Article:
Downtown museum helps residents rediscover history

Dakota Mize

Go check out the Museum of North Texas History on Facebook.

With cowboy hats, vintage instruments and Vietnam War artifacts, the history of Wichita Falls can be rediscovered through the exhibits at the Museum of North Texas History.

“We’ve got a lot of students here that aren’t from Wichita Falls. [The museum] gives them a unique perspective into the Wichita Falls character,” said  Leanna Ray, museum curator, said. They come in and they see cowboy hats from the old feedlot. We tell them the story about ‘Nat’s Hats’, and how cowboys still come in and visit their hats because a cowboy’s hat was everything to him; his water bucket, sunscreen, best friend, cover to sleep under. They remember stories about what they did with their hats; some of them they can tell, some of them can’t. They’re near and dear to them. It gives them a little more insight into the cowboy perspective of this area.”

Ray is a graduate assistant of the history department who is working on loan to Moffett Library.

“We also have the ‘Oil and Gas’ area where they can see how Wichita Falls grew hugely within a decade,” Ray said. “It just exploded from a very small village into a huge bustling city. It gives them a unique perspective of the area and maybe they can appreciate it a little bit more.”

Ray said the “Jenny to Jet” exhibit, located in the Wichita Falls Regional Airport, “is open anytime the Airport is open, and it’s also free. It’s got insight into the military part of Wichita Falls, all the way back to World War I and current.”

Charles Campbell, executive director, said, “The museum is unique here in Wichita Falls because this is the only general history museum in town. A reason why Midwestern students should be interested in coming here relates to what we view as one of our central messages. History is relevant to the present day, and it is also relevant to the future because it shows you what is possible. If you know what has been down before, the same thing or something similar can happen again. I don’t know if you get a sense of that anywhere else but through history.”

According to the museum’s website, the permanent collections “represent elements which built North Texas and are still part of our lives.”

Campbell said, “We try to change up some of the smaller exhibit areas so that we have some things that are here all of the time and other things that change throughout the year so that we don’t remain static and play into everyone’s stereotype that history is dull, boring, and musty. That’s another reason for students to come here, to really get a sense of the importance of history. It’s not just dates and events. It’s not tied to any particular time. What happened last week is technically history, as well as what happened 100 to 150 years ago. One of the things we try to do is to show the relevance of history, and that history, despite of the fact that it’s history, is also dynamic.”

Campbell said he hopes that the museum inspires students and that “It’s not just about history; it’s about life. You can find inspiration in many places, and we would hope that people can find some inspiration by learning the history of an area.”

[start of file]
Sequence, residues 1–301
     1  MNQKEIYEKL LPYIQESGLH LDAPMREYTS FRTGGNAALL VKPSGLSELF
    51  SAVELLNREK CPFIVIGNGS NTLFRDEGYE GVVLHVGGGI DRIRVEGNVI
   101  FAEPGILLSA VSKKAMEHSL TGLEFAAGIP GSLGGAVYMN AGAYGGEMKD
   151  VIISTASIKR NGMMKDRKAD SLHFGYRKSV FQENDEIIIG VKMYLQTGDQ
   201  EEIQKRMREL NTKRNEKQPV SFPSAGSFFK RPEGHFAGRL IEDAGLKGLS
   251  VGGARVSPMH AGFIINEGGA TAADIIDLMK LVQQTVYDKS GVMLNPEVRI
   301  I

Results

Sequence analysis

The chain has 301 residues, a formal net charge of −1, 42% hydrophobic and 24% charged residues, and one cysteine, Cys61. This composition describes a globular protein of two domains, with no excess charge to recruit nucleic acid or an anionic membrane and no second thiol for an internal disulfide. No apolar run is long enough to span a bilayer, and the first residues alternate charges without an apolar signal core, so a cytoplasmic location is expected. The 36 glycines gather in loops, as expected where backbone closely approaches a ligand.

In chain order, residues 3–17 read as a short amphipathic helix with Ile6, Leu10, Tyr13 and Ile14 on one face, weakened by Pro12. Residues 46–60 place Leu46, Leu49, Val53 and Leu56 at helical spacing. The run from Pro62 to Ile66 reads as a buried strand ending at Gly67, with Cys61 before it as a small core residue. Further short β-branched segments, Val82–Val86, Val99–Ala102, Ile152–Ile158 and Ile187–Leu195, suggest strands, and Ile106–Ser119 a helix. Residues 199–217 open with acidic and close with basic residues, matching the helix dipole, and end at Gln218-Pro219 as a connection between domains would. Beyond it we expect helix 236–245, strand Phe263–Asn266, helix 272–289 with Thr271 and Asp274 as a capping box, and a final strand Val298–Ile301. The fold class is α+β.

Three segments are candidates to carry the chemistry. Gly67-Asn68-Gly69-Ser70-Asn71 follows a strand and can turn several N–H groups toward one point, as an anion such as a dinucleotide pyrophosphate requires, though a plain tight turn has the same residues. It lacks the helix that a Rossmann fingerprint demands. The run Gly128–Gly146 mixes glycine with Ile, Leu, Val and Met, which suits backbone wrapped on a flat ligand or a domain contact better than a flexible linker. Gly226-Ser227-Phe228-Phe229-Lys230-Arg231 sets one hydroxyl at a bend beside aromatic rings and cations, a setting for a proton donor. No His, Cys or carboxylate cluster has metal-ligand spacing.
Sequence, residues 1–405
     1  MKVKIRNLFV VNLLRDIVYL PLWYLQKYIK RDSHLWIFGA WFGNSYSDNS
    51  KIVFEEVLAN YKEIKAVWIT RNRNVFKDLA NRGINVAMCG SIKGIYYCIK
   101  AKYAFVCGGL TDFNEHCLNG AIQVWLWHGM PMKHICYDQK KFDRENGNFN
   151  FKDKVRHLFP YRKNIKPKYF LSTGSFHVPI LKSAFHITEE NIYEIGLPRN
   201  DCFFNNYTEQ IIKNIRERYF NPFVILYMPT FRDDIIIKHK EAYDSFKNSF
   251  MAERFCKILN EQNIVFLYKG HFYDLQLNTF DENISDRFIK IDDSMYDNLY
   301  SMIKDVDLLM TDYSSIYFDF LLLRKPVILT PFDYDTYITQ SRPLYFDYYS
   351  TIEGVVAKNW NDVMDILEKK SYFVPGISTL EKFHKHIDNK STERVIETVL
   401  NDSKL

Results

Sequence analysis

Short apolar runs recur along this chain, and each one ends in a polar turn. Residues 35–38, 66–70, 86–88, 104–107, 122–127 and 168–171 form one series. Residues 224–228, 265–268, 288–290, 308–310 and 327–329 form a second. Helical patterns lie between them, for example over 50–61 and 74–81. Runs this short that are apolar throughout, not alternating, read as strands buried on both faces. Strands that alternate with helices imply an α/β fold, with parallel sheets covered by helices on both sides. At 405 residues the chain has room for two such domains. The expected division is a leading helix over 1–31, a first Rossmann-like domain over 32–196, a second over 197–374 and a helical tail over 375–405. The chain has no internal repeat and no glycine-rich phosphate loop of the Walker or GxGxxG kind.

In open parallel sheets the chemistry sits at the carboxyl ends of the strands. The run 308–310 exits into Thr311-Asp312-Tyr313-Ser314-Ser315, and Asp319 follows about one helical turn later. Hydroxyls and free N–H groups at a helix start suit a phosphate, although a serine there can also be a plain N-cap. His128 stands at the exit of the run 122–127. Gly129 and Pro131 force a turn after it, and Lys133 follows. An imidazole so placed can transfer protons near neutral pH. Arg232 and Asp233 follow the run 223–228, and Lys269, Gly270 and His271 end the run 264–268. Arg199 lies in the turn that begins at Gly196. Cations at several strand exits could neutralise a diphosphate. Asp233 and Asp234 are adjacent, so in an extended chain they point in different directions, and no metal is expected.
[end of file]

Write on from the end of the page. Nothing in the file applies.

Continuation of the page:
“We have a main exhibit room that we change throughout the year three or four times depending on what’s going on,” Ray said. “For example, with February being Black History Month, we have a Black History Month exhibit in our main room right now. It’s got the historical markers from the Texas Historical Commission all through Wichita Falls that include African Americans in our past.”

The “Leaving a Mark on History: Black History Month” exhibit has a large section devoted to the MSU desegregation marker that was recently unveiled. Campbell said the Black History Month Exhibit would only be up for the rest of this week, and that the next main exhibit would be on farming and ranching.

“You can learn more about this area and how unique it truly is because Midwestern, over the years, has really grown. It has become a more attractive university for people outside of the area. It used to be that almost everyone that went to Midwestern came from this area,” Campbell said. “The university has really made an effort to diversify its curriculum, and improve in some specific areas so that this really is a destination place. There is a good bit going on here. Part of the way you learn that is through the history.”

Campbell said it was important for students to realize that “there is more to this area than the university.”

The museum’s newest permanent exhibit is the “Mary Thomas Doll & Toy Collection.”

Ray said, “We have members of the museum that support us with membership dues, and we have a board that organizes fundraising activities. Donations area accepted of course, but we don’t charge admission because we want everyone to be able to come and enjoy it.”

The museum is hosting the “Tribute to Merle Haggard” event on April 6 and “Cruisin’ Kemp Car Show” on April 22.

Campbell said, “We cover a wide variety of subjects. Part of what makes us unique is that the history of Wichita Falls and the North Texas area is unique. There are so many things that have happened here that have had, quite literally, a global impact. A lot of people think that nothing ever happens here or nothing good comes out of here, but that couldn’t be further from the truth. We get to show that here, and that’s what is part of what makes us unique.”